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TCAF marathon team completes the challenge

Six runners raising funds for The Countryside Alliance Foundation (TCAF) completed the TCS London Marathon on Sunday, 2nd October. Ably led by experienced marathon runner Charles Jardine, Director of the charity's Fishing for Schools programme, the team is hoping to raise in the region of £20,000 for their efforts.

World renowned fly fisherman, Charles, explained how the money raised will make a real difference to people's lives: "The funds raised through the runner's efforts will ensure that countless children are helped and offered a pastime for life through the charity's Fishing for Schools project, whilst a great deal of care can be given to those overcoming cancer through the Castaway initiative."

The entire team of runners is incredibly grateful to all those who donated to their fundraising pages and supported them throughout their training and on the big day. The streets were lined with thousands of people but every one of the TCAF team was spurred on by the sight of family and friends in amongst the crowd, offering them inspiration and motivation to complete the challenge.

Charles went on to praise those who took part as well as those who donated to the cause: "To understand doing a marathon, you must also understand sacrifice. Giving up hours upon countless hours to trudge through training in all weathers, terrains, and scenarios, as well as the effort required to fundraise at the same time. On behalf of the charity, I would like to thank all of those who were part of the team and also those who supported them in any way, from fundraising to cheering them across the finish line – it really was a team effort."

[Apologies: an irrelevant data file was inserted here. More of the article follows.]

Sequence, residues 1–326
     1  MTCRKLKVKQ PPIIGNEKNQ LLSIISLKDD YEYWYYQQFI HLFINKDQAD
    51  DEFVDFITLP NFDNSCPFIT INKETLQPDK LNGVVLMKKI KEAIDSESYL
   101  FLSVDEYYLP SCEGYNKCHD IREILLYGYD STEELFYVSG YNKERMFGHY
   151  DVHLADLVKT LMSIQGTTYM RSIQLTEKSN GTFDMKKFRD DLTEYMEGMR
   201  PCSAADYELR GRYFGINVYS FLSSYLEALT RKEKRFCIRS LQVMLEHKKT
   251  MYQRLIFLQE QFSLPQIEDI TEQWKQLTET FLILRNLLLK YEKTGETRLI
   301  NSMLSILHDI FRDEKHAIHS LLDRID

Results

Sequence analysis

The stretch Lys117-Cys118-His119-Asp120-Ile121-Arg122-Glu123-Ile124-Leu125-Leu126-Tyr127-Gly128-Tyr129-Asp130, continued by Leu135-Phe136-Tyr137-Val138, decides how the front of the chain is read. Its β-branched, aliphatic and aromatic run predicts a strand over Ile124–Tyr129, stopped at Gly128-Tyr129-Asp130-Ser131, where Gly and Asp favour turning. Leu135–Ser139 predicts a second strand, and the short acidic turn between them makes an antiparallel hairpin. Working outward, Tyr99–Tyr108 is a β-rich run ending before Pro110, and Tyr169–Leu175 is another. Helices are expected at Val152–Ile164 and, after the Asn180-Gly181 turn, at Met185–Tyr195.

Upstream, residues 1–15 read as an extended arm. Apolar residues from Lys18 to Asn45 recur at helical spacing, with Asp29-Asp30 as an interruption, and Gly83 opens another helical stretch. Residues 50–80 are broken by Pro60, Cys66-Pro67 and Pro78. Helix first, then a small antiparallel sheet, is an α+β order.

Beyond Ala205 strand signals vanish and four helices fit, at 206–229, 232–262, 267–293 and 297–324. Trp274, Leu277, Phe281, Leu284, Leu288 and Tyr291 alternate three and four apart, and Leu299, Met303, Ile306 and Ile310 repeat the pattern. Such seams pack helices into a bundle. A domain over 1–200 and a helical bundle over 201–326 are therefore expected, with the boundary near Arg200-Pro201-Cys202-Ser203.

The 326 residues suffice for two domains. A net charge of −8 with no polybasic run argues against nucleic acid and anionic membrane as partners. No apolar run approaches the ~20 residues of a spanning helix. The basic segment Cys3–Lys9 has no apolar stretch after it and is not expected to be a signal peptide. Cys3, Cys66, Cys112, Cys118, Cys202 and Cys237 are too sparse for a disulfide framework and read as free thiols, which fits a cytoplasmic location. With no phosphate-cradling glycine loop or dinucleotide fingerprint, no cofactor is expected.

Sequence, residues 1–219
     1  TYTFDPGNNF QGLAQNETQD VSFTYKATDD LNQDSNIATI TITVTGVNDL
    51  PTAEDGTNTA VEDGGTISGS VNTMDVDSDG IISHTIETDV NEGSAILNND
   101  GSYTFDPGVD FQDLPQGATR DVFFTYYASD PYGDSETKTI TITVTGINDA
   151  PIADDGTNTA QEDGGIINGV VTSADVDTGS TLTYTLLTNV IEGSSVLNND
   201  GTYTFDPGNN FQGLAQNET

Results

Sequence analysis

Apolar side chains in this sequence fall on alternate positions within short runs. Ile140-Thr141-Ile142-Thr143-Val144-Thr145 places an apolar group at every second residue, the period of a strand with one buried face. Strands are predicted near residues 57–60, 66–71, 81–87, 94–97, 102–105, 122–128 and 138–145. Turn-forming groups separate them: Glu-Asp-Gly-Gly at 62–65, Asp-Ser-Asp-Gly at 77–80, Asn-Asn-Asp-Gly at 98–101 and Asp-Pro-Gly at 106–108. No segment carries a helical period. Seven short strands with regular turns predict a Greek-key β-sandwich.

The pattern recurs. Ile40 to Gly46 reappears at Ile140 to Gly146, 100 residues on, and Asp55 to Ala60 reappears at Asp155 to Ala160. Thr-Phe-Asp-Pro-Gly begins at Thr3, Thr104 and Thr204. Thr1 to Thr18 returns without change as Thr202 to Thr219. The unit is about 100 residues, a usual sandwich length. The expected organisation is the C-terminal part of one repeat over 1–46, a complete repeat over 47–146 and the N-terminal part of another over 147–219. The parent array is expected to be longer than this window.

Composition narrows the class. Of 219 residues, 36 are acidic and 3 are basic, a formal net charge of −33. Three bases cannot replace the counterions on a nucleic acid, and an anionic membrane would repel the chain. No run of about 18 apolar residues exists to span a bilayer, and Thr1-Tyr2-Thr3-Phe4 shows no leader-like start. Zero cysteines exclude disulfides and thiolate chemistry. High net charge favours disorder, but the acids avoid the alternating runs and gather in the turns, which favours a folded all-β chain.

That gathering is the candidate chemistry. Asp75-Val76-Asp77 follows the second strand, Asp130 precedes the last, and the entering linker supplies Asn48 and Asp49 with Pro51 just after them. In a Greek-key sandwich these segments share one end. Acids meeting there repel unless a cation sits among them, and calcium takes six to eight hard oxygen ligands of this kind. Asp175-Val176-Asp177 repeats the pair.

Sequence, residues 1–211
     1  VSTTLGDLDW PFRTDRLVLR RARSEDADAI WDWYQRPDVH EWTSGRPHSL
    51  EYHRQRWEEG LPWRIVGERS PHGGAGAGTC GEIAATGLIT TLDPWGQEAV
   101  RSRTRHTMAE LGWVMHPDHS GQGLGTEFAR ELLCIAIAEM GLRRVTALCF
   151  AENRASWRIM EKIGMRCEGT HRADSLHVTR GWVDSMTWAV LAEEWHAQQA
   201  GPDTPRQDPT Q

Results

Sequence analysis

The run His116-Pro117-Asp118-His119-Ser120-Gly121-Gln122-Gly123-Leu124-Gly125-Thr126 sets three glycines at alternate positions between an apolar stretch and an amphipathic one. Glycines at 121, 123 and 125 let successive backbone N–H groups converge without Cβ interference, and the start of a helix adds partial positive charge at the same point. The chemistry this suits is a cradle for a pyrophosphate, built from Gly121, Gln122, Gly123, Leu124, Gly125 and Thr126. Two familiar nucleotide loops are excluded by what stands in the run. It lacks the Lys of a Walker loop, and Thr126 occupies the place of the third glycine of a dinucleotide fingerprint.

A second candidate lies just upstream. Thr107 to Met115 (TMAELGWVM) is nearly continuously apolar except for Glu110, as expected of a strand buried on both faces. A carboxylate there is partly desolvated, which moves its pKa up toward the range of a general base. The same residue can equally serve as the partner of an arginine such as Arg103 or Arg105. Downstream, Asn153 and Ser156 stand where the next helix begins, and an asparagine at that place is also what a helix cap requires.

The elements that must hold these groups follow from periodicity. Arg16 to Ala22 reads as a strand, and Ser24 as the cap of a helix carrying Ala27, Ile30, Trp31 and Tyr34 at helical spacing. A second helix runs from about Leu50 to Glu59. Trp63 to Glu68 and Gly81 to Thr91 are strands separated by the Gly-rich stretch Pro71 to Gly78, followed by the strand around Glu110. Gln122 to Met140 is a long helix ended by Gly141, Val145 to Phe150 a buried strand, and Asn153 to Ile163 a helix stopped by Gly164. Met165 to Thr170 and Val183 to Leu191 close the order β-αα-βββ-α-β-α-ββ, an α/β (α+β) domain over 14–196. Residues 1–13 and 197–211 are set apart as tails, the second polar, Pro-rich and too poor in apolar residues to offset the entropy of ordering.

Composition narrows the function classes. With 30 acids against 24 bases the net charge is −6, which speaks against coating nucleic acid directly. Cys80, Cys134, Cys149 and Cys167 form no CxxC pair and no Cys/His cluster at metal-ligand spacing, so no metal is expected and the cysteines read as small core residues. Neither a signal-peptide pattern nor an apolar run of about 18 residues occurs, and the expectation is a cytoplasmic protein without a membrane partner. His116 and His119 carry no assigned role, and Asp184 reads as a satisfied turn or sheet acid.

As well as Charles, also running on behalf of TCAF were primary school teacher Rebecca Mountain, Perdie Reid who is the UK Public Relations Manager for Harkila, Tony Stone, director of Emmett & Stone Country Sports and two members of the Countryside Alliance's Campaign for Hunting team - Eleasha Sallis and Polly Portwin. Lucinda White was supposed to be part of this year's team but she sustained an unfortunate injury in training which means her entry has been deferred to 2023.

Four of the marathon runners were taking part in their first – and some say their last – marathon, including Rebecca who overcame a broken wrist sustained in a fall out training a few weeks ago: "Wow, what an experience!" she said afterwards. "Being my first marathon, the nerves were running high but it turns out there was no need for any nerves. I had the best time. The people, the runners and the route were amazing. It is safe to say I couldn't have done it without the sweets and drinks the crowd were handing out. I look forward to running half marathons and 10km runs in the near future and maybe when I have forgotten about the DOMS [Delayed Onset Muscle Soreness] and pain the next day I may attempt another marathon in my life!"

Perdie, who was also taking on her first ever long-distance run revealed: "The London Marathon was singularly the most physically and mentally challenging thing I have ever done, but it was also the most rewarding and incredible day full of inspiring people, making a difference."

Eleasha Sallis, the Alliance's Campaign for Hunting assistant reflected on her experience: "Doing the marathon was the challenge I didn't think I wanted or needed. The reality was immensely rewarding, humbling, emotional and gratifying. From learning to jog, tackling a 10km race, to sharing and seeing extraordinary people achieve 26 miles in London, I am grateful to have had the opportunity."

Donations to the runners' fundraising pages are still being accepted. Please visit the marathon hub to donate.

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